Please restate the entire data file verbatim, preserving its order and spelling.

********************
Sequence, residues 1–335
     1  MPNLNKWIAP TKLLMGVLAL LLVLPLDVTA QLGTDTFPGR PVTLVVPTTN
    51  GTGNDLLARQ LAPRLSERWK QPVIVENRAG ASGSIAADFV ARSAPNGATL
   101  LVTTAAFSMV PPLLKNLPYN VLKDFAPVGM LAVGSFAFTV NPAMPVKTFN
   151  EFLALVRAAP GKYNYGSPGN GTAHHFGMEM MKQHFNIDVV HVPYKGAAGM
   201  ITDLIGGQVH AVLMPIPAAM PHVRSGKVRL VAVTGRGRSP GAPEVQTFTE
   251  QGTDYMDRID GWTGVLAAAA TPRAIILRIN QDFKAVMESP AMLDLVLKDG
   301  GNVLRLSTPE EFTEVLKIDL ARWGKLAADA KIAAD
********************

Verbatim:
Sequence, residues 1–335
     1  MPNLNKWIAP TKLLMGVLAL LLVLPLDVTA QLGTDTFPGR PVTLVVPTTN
    51  GTGNDLLARQ LAPRLSERWK QPVIVENRAG ASGSIAADFV ARSAPNGATL
   101  LVTTAAFSMV PPLLKNLPYN VLKDFAPVGM LAVGSFAFTV NPAMPVKTFN
   151  EFLALVRAAP GKYNYGSPGN GTAHHFGMEM MKQHFNIDVV HVPYKGAAGM
   201  ITDLIGGQVH AVLMPIPAAM PHVRSGKVRL VAVTGRGRSP GAPEVQTFTE
   251  QGTDYMDRID GWTGVLAAAA TPRAIILRIN QDFKAVMESP AMLDLVLKDG
   301  GNVLRLSTPE EFTEVLKIDL ARWGKLAADA KIAAD